Netflix’s cultural platform as seen in the slide show speaks of an environment where performance is the ultimate measure of an employee’s success — nothing more, nothing less. Steinlauf said the idea of creating a work environment of trust and treating employees like adults resonated strongly with Edmunds’ cultural values. Therefore, offering unlimited vacation days was the first logical step in trusting the workforce and focusing on things that matter — results — and not things that don’t matter, like counting days off.
The policy, he said, might also act as a differentiator in attracting talent in the competitive Silicon Beach area of Los Angeles.
But to Fink, the unlimited vacation day policy ultimately became another line item in a thick employee handbook. Believing the company could offer more than just a no-vacation-day policy and flextime, Fink started to look into other, nontraditional work styles. She eventually came across the ROWE model, at the time being used at Best Buy.
Ressler and Thompson developed the working model as employees for the electronics retailer, which adopted it in 2005. (Ressler and Thompson left Best Buy in 2006 to start their own ROWE-centric consulting firm, CultureRx.)
And even though Best Buy dropped ROWE amid sagging business results and a new chief executive looking to shake things up in 2013, the CultureRx website says the management model produced $2.2 million in savings for the company in more than three years.
One of the goals of ROWE is to make all employees feel a greater sense of purpose by ensuring their careers don’t hold them back in their personal lives. In some instances, Thompson said ROWE is misunderstood as a flextime policy. But while a flexible work schedule gives employees the opportunity to work from home, they’re still bound to the traditional notion of working 9 a.m. to 5 p.m.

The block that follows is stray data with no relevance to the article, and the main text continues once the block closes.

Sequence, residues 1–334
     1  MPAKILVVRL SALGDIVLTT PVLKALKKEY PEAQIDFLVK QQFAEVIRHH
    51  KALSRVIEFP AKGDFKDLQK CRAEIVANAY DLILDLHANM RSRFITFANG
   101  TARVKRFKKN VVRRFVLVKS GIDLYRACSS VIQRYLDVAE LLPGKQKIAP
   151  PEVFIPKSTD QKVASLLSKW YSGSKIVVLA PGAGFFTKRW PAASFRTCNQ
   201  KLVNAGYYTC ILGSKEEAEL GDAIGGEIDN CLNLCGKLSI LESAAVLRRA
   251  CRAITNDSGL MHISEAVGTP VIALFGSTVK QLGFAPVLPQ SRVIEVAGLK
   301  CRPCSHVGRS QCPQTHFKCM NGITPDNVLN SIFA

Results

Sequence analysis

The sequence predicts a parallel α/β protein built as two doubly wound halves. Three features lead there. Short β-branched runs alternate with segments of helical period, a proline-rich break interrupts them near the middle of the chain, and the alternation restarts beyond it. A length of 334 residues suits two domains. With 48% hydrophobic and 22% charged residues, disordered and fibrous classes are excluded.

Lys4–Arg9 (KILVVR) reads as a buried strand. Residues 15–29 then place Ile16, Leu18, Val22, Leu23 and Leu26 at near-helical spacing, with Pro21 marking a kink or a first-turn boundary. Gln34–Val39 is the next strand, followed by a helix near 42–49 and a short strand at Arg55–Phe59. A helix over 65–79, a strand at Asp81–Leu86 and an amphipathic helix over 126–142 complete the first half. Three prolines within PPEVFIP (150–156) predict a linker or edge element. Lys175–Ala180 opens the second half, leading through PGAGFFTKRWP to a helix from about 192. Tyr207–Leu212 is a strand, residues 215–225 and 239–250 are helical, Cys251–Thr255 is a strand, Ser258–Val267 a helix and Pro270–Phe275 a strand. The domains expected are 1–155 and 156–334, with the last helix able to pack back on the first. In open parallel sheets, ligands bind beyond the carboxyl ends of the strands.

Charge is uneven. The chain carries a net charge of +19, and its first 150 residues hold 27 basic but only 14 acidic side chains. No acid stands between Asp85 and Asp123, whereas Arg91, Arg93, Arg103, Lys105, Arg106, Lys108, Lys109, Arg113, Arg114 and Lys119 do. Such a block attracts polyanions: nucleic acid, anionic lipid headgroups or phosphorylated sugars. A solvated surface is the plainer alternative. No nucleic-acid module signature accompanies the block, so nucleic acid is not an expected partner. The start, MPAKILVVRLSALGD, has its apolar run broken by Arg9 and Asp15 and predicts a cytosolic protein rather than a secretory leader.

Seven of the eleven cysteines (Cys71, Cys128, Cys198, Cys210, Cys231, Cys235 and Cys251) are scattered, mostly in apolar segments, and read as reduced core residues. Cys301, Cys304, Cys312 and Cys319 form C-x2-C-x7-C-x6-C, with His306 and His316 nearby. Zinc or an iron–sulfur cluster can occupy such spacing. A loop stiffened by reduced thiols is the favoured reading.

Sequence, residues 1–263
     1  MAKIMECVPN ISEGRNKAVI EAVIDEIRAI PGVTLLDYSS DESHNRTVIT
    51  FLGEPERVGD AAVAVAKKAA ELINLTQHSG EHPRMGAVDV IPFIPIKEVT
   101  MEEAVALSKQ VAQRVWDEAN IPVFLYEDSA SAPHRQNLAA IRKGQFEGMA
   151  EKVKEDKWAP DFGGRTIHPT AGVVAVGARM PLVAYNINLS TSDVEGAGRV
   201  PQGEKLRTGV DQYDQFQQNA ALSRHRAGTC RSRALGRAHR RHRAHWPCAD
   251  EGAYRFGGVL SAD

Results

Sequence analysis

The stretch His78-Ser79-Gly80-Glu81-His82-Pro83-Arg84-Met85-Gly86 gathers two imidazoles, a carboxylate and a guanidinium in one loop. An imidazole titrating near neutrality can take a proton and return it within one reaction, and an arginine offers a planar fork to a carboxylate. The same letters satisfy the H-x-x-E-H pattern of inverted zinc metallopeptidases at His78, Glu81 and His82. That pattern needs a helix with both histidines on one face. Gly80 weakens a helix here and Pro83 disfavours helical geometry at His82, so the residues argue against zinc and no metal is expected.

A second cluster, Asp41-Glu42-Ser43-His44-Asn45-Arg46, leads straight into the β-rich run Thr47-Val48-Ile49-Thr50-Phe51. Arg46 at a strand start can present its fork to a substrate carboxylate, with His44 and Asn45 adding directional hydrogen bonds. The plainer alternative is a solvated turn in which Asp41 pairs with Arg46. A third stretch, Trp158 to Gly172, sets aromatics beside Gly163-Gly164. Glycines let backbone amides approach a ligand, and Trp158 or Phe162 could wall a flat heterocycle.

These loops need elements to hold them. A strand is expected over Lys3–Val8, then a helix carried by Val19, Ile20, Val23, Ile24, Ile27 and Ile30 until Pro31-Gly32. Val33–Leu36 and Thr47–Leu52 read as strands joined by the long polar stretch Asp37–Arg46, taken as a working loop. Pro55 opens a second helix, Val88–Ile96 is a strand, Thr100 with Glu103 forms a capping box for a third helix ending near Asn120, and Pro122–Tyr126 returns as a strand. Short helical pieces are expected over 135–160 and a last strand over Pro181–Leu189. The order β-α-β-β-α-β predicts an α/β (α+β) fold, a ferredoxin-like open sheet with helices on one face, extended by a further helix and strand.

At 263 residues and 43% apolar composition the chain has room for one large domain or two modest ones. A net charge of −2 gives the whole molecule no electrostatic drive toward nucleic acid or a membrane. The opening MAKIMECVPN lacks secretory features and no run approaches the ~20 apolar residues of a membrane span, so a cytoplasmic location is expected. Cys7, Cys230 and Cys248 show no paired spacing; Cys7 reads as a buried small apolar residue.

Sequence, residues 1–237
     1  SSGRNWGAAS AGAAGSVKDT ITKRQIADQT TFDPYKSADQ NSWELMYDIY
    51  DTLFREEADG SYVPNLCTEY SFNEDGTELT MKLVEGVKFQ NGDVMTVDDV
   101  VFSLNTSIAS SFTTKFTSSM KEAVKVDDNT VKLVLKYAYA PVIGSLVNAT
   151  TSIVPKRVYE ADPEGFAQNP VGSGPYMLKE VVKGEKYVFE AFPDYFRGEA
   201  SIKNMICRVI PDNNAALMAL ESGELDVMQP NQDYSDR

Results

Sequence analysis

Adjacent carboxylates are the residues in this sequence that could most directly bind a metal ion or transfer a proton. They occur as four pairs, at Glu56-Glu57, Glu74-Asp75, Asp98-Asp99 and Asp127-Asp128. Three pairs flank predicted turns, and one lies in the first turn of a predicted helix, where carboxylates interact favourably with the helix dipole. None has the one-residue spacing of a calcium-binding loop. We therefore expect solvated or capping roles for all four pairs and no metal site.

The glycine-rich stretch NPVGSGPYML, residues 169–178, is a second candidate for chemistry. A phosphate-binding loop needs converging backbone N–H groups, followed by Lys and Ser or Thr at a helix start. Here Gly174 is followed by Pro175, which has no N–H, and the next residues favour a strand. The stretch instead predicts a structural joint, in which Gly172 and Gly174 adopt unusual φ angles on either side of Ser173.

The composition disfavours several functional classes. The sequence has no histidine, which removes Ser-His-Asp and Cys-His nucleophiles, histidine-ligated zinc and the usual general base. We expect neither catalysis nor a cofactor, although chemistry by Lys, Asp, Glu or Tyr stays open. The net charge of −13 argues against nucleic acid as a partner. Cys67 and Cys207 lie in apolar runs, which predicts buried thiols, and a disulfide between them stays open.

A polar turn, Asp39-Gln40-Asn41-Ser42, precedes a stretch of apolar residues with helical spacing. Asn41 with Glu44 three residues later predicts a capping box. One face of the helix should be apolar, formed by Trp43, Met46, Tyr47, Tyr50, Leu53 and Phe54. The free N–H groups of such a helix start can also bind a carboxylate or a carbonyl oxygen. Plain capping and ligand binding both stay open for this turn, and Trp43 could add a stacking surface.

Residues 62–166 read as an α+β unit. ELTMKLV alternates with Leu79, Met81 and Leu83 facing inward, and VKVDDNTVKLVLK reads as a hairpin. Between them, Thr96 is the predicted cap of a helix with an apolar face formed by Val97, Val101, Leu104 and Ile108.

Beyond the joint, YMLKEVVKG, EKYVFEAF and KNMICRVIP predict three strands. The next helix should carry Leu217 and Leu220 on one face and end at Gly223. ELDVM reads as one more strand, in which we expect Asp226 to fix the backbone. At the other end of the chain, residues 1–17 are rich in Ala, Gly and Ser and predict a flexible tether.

With ROWE, time and place are taken entirely out of the equation; all that matters is that employees get their work done when it’s due and that it is of sufficient quality.
“It’s a mindset of not having the clock be your master, but having the work be your master,” Thompson said.
Putting the Pieces in Place
Fink bought in. And after convincing Edmunds’ senior leadership team of the idea and piloting the program with a few select teams, she decided to implement ROWE across the board.
Because ROWE enables an unprecedented level of freedom in how, when and where work is done, Thompson said implementing the model requires a massive cultural shift. For some, making the change from having a clearly defined work schedule to the freedom of ROWE can be overwhelming. Shifting to a companywide ROWE philosophy without proper training can easily lead to mismanagement and abuse.
Edmunds worked with CultureRx during its shift to ROWE. The first step came in implementing a six-month training period, much of which was spent teaching employees to change the way they think about work and the vernacular traditionally used in corporate offices.